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@news20.bellglobal.com:
Perhaps this is a stupid question, but why are you not suppose to keep a collar on unattended dogs?

I wouldn't say you're not supposed to, but that it's a personal decision.

In addition to the two-dog scenario which I posted about here last month, I think I once came home to find my dog attached by his collar to a heating vent on the floor. I've no idea how long he was like that.

So now my dog doesn't wear a collar when inside.
Cate
i would hope so, but i wouldn't want to assume anything. i can see how protecting the adopter's rights, regardless ... acting appropriately, could invalidate the original owner's claim to the dog. yucky, but i can see how it could happen.

Orson was on a 7-day hold (maybe it was 5 I can't remember) before we adopted him. Even after we brought him home, I had fears of someone recognizing him, because I knew that I couldn't keep someone else's dog if he was wanted. I would've had the law on my side, but not my own morals. It would've broken my heart, but I'd have given him back.

(This does not, however, negate my course to Malebolge, or whatever circle of hell I qualified for by cheating on the quiz.)
oh yeah. i'm not sue-happy, but if something like that happened to me, i'd definitely take whatever legal action i could. if nothing else, i'd want to stop the same thing from happening to anyone else.

Yep. I'd get sue-happy in a jiffy in this case.
Cate
The he got mad at me, saying it would be MY fault if he put the dog down. ;-)

What an ass.
People suck.

'Hell is other people.'
Cate
I wouldn't say you're not supposed to, but that it's a personal decision.

yep. it's something each owner is going to have to weigh the pros and cons of.
I once came home to find my dog attached by his collar to a heating vent on the floor. I've no idea how long he was like that.

i was trying to remember whose dog got stuck that way! i've been waffling on whether take my dogs' collars off when they're indoors. i worry about the safety aspect
(specifically, that i have loose, worrisome floor vents), but i also worry about them getting out while they're nekkid. they're good about waiting, but all it takes is seeing one rabbit for them to lose their branes.

shelly (perfectly foul wench) and elliott and harriet http://home.bluemarble.net/~scouvrette
I wouldn't say you're not supposed to, but that it's a personal decision.

yep. it's something each owner is going to have to weigh the pros and cons of.

Something else to take into account when weighing pros & cons is that if the dog likes to bolt out open doors & fence gates, an uncollared dog is often viewed, by both the public & animal control, as a street walker/stray. Therefore it may be more prone to someone taking the dog in and never reporting it to the authorities.

Tara
yep. it's something each owner is going to have to weigh the pros and cons of.

Something else to take into account when weighing pros & cons is that if the dog likes to bolt out ... it may be more prone to someone taking the dog in and never reporting it to the authorities. Tara

And there in lies the pro I view as the most important. Even though non of my dogs are very likely to bolt out the door and take off. One never knows. And since Reznor is intact and will remain so for quite a while I certainly am not willing to take that risk. But he is also getting microchipped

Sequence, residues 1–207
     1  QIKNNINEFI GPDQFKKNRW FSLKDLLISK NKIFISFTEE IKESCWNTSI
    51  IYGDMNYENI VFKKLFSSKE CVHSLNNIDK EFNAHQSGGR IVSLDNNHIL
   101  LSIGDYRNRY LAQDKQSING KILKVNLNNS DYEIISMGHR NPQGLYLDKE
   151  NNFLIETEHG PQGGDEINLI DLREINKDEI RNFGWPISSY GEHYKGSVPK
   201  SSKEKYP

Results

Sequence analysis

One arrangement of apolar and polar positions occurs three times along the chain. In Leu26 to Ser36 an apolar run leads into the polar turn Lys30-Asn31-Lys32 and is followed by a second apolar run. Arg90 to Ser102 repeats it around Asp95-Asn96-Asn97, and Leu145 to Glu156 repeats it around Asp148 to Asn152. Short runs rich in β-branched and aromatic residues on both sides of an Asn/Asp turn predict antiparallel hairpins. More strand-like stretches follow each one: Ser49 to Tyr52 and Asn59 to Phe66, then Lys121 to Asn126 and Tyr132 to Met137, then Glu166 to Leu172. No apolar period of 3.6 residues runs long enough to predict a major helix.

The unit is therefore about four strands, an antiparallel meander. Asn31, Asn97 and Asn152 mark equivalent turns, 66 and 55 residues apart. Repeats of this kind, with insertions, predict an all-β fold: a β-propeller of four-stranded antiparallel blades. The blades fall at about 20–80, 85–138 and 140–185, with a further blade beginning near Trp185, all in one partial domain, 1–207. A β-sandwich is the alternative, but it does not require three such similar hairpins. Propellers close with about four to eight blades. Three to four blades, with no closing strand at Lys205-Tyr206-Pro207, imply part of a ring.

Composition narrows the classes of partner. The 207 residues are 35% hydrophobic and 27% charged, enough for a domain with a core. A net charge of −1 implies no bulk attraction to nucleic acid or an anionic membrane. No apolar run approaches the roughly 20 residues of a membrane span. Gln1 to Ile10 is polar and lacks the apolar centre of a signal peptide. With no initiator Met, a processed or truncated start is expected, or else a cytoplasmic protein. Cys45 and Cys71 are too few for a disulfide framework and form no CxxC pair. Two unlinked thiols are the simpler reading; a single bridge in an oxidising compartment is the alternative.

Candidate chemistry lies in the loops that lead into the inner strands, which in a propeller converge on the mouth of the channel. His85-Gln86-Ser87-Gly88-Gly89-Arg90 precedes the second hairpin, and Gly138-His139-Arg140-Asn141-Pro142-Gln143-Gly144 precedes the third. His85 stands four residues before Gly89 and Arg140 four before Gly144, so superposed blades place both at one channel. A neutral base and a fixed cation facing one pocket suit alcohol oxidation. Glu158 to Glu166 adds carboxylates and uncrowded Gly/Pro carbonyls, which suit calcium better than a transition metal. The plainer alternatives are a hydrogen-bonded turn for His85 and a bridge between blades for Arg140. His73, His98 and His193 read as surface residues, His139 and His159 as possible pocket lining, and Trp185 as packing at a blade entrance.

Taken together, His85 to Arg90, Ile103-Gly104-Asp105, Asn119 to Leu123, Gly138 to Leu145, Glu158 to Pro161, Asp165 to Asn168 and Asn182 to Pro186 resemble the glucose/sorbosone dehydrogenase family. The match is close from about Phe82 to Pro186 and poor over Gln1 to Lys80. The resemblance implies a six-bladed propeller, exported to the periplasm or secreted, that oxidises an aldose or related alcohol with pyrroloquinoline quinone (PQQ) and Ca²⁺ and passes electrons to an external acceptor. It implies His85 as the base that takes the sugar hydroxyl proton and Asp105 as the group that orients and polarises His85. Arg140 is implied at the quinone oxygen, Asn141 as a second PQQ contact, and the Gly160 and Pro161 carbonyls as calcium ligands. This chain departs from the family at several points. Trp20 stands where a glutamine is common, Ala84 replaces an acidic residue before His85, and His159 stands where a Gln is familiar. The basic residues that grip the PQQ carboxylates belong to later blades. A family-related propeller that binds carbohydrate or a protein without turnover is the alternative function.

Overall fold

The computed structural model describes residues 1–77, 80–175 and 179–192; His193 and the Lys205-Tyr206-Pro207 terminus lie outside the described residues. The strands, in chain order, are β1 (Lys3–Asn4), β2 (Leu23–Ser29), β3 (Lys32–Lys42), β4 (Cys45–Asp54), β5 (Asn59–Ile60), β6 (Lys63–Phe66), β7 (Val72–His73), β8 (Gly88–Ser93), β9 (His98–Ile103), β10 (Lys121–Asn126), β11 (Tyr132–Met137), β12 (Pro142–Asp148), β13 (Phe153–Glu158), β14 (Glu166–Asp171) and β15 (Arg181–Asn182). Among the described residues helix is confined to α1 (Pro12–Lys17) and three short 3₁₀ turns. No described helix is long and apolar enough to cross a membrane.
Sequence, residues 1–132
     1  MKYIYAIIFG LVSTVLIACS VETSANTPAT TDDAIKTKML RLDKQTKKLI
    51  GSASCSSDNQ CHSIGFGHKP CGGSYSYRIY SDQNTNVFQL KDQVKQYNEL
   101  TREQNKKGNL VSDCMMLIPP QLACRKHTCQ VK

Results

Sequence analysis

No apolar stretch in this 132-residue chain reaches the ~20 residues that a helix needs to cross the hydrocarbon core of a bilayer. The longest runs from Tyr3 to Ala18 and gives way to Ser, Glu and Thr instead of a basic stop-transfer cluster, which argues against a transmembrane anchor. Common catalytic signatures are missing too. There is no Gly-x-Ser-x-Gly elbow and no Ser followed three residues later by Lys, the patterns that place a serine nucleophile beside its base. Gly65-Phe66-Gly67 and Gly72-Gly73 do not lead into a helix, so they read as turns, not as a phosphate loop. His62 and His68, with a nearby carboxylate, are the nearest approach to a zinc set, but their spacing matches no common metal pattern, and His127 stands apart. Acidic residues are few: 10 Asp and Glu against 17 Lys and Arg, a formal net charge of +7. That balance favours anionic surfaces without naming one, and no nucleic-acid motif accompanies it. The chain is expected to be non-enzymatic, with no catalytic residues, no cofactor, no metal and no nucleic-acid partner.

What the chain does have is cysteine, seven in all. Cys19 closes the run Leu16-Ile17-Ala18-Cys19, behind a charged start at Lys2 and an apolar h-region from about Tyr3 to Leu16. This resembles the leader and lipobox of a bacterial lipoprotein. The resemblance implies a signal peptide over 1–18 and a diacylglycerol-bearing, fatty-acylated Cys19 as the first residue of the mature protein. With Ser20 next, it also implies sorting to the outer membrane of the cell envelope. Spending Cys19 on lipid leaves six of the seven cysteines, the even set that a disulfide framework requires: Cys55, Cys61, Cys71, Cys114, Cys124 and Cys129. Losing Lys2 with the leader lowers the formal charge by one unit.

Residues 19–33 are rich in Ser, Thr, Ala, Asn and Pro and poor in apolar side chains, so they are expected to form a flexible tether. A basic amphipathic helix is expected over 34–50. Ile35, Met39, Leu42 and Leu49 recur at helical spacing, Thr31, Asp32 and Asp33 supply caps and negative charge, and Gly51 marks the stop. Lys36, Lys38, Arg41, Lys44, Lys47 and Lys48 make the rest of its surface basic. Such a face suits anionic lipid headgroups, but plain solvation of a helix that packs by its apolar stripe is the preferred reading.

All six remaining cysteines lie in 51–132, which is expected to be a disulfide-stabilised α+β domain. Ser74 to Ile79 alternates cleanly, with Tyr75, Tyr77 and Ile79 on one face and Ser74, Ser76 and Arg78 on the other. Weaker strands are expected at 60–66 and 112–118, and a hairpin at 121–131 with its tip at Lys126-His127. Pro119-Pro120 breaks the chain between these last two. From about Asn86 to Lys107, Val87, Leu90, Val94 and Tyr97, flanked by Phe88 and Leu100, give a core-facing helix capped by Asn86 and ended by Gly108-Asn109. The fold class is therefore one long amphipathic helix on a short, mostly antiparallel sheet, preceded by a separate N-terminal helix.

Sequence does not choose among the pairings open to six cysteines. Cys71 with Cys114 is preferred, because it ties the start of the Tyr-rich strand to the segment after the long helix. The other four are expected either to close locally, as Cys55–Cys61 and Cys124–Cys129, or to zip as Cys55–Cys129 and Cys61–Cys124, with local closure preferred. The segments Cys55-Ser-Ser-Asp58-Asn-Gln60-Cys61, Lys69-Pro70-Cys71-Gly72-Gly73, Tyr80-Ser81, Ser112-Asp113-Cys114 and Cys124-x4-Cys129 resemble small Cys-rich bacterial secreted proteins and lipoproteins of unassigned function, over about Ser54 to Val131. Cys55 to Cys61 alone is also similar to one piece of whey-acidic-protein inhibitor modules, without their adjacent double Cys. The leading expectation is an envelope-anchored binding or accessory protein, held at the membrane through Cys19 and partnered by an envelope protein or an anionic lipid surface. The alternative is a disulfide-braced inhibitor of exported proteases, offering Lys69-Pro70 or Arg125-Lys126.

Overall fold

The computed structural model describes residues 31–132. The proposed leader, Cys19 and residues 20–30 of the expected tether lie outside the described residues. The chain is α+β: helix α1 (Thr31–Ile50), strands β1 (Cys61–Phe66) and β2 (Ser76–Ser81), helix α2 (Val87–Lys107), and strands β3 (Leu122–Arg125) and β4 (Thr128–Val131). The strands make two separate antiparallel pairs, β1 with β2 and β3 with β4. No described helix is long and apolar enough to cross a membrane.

in a few weeks too.
Gwen
Something else to take into account when weighing pros & cons is that if the dog likes to bolt out ... walker/stray. Therefore it may be more prone to someone taking the dog in and never reporting it to the authorities.

I think that's why this story has me in such a lather because this could happen to me. Luckily, Orson doesn't count escaping the yard or the house among his goals.
Ok, there was the time in the early days he got out (it only took that one time for DH to learn to latch the back gate) and held the mailman at bay in the street.
Cate
Something else to take into account when weighing pros & cons is that if the dog likes to bolt out open doors & fence gates, an uncollared dog is often viewed, by both the public & animal control, as a street walker/stray.

absolutely, which is why i'm still waffling. my dogs don't bolt (and are good about "wait"ing), but they *do* tend to lose their branes when they see critters.
Therefore it may be more prone to someone taking the dog in and never reporting it to the authorities.

yes, but after hearing people who ought to know better support keeping loose dogs (both here and IRL), i'm pretty pessimistic about the chances of someone finding my dog and returning it, whether it's got ID or not.
so, i'm still waffling.

shelly (perfectly foul wench) and elliott and harriet http://home.bluemarble.net/~scouvrette
yes, but after hearing people who ought to know better support keeping loose dogs (both here and IRL), i'm pretty ... whether it's got ID or not. so, i'm still waffling. shelly (perfectly foul wench) and elliott and harriet http://home.bluemarble.net/~scouvrette

Yep. I am almost certain no one who found Reznor would return him.
Blade OTOH would be returned ASAP, I am fairly sure. He is such a handful. Though there is that mentality around here that might just see that as a grand ole asset to have being quite the handful and stick him outside on a 6' chain.Emotion: sad(
Clovis depending on who took her, and what other animals they had in the house as well as kiddos depends. Some may be likely to keep her and others would bring her back ASAP.

Gwen
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